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Blumenthal announces newest Center Stage honorees

20 Jan

By Elise Esasky
Public Relations Manager, Blumenthal Performing Arts 

Blumenthal Performing Arts awarded three Center Stage Awards to community leaders during its annual meeting on Jan. 14 in Booth Playhouse at Blumenthal Performing Arts Center.

Center Stage awards are presented to individuals or organizations whose service or partnership with Blumenthal Performing Arts has furthered the mission, reach and improved the programs Blumenthal provides to the community.

Charlene McMoore with Henry and Rene Justice and Joyce Ford. (Courtesy Blumenthal Performing Arts.)

Charlene McMoore with Henry and Rene Justice and Joyce Ford. (Courtesy Blumenthal Performing Arts.)

Charlene McMoore

Charlene McMoore is a Charlotte native, and is a Project Manager in the IT Department at Duke Energy. She was a volunteer at Spirit Square in the 90’s before Blumenthal Performing Arts came into existence in 1992. Soon after that, she joined Blumenthal’s newly formed volunteer program. She has been a committed and faithful volunteer who always works more than her required number of events each month, and she provides excellent customer service to Blumenthal patrons. Last year alone, McMoore provided more than 200 hours of volunteer service. She says she enjoys volunteering at BPA because it provides a great atmosphere to meet and be of service to a variety of people in the community who attend events in Blumenthal’s six theaters.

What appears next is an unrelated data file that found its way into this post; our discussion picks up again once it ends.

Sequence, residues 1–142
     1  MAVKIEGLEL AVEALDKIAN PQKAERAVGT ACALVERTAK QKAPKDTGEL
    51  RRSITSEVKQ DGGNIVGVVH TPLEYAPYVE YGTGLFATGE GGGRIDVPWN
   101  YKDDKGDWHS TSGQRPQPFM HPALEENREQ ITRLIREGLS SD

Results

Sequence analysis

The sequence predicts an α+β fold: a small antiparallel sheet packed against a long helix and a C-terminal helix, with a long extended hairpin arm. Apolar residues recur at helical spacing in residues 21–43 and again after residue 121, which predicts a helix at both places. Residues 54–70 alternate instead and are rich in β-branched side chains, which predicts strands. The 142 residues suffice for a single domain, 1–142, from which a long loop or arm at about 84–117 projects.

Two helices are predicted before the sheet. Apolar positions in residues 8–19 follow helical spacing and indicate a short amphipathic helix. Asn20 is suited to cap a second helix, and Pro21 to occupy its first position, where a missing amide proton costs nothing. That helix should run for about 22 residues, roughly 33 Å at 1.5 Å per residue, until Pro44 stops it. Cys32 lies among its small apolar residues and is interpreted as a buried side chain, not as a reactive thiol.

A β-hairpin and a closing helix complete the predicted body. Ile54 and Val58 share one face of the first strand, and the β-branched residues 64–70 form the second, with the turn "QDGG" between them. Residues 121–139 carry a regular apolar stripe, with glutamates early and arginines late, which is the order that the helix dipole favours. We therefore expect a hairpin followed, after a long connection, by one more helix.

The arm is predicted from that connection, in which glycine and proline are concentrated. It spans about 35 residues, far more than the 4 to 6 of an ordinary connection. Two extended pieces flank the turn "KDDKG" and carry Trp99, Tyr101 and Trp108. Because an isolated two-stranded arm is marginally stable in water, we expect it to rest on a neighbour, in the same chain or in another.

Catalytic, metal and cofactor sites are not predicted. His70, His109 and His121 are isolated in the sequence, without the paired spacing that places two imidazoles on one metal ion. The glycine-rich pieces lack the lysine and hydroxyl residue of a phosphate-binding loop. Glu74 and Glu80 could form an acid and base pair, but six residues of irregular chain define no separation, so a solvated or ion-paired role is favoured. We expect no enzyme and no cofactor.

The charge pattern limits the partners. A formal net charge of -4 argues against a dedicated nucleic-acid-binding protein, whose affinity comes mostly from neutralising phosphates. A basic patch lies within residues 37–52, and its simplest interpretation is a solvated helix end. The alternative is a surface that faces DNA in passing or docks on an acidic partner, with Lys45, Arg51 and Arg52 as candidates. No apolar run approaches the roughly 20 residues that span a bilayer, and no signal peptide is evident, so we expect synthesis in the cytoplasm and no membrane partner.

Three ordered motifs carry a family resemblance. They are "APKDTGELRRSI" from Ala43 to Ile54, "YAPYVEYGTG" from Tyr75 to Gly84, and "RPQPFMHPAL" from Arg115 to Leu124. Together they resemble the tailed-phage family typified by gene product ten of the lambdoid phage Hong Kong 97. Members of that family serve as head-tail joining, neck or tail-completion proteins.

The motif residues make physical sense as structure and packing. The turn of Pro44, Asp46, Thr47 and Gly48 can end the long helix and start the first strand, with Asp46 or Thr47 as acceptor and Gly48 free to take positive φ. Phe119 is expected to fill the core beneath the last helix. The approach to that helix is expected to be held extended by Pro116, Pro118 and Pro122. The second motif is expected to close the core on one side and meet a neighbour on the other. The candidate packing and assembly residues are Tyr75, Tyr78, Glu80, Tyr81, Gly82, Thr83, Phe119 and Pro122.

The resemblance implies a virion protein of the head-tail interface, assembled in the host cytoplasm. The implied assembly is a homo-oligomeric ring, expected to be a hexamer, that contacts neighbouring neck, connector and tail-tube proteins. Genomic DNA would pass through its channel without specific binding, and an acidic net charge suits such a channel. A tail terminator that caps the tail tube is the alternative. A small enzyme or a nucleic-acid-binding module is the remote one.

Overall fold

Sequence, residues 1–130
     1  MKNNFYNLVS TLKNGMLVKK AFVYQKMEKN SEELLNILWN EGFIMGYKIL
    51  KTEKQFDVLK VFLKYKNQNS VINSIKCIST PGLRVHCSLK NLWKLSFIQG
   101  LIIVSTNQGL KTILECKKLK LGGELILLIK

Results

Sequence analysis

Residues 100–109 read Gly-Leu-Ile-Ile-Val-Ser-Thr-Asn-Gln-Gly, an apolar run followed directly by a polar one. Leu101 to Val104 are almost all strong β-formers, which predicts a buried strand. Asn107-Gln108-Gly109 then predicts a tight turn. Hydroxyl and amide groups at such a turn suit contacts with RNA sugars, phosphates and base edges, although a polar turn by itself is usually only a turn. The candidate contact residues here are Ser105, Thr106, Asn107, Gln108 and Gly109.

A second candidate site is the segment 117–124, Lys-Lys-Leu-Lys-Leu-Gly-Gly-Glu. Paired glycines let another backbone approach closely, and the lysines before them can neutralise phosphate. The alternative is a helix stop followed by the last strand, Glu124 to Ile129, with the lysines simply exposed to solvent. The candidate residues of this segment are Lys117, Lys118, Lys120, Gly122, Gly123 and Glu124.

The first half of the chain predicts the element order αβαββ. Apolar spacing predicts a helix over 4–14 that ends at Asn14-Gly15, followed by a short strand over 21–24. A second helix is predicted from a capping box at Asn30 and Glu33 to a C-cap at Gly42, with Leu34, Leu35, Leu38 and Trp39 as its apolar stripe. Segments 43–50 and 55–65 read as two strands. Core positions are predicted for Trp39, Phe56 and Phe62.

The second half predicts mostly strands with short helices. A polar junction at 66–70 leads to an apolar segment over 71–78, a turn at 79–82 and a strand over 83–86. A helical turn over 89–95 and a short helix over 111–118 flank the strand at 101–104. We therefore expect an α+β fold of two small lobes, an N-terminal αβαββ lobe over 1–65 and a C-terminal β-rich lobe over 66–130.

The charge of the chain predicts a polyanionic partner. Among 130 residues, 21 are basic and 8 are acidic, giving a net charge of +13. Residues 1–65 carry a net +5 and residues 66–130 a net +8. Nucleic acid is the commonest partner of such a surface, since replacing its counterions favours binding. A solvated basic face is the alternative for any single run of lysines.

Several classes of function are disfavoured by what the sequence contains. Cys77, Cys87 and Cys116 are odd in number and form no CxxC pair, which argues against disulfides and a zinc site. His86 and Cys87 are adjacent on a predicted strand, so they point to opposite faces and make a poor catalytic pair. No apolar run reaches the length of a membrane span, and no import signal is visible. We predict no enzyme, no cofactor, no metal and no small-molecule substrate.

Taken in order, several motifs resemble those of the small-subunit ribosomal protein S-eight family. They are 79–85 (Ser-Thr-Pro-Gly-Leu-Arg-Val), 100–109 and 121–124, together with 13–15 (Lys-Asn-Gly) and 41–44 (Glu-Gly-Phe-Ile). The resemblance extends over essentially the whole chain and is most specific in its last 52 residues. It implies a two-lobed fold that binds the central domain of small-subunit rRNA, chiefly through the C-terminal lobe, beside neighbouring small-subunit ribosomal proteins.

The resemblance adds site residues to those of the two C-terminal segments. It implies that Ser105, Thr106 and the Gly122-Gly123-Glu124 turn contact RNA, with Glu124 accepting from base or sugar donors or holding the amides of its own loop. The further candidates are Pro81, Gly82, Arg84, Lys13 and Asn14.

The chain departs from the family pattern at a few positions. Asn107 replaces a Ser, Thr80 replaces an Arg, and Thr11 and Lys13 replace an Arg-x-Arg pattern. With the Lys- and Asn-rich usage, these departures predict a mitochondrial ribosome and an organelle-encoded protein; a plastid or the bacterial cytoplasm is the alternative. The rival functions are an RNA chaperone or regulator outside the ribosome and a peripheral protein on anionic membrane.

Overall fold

Rebecca Henderson with Rick Puckett and Tom Gabbard. (Photo courtesy Blumenthal Performing Arts.)

Rebecca Henderson with Rick Puckett and Tom Gabbard. (Photo courtesy Blumenthal Performing Arts.)

Rebecca Henderson

Rebecca Henderson is completing six years of service as a trustee. During her tenure, she steadfastly worked as a volunteer fundraiser every year on the corporate campaign and she was very successful. Over the past six years, Henderson helped raise more than $500,000 for Blumenthal’s education and outreach programs, during the most challenging economic years in memory.

Mary Nell McPherson with Tom Gabbard and Rick Puckett. (Courtesy Blumenthal Performing Arts.)

Mary Nell McPherson with Tom Gabbard and Rick Puckett. (Courtesy Blumenthal Performing Arts.)

Freedom School Partners (accepted by Mary Nell McPherson)

Freedom School Partners is a non-profit organization that provides Charlotte area literacy based summer education programs to prevent summer learning loss for students in grades K-12. They are the largest provider of Freedom Schools in the Nation: a full 10% of the nation’s total Freedom School scholars and interns are served in Charlotte Mecklenburg. While many schools today are focused on STEM, Freedom School Partners believe STEAM (Science, Technology, Engineering, ARTS, and Math) to be the key to a child’s success. Each summer they incorporate performing arts opportunities to broaden their scholars’ creativity, social and emotional intelligence and to inspire them to dream big.

Through a partnership with Freedom Schools in FY14, and fueled by the generosity of thousands of constituents, BPA increased access to a Broadway performance for families and kids least able to afford a ticket by 400%.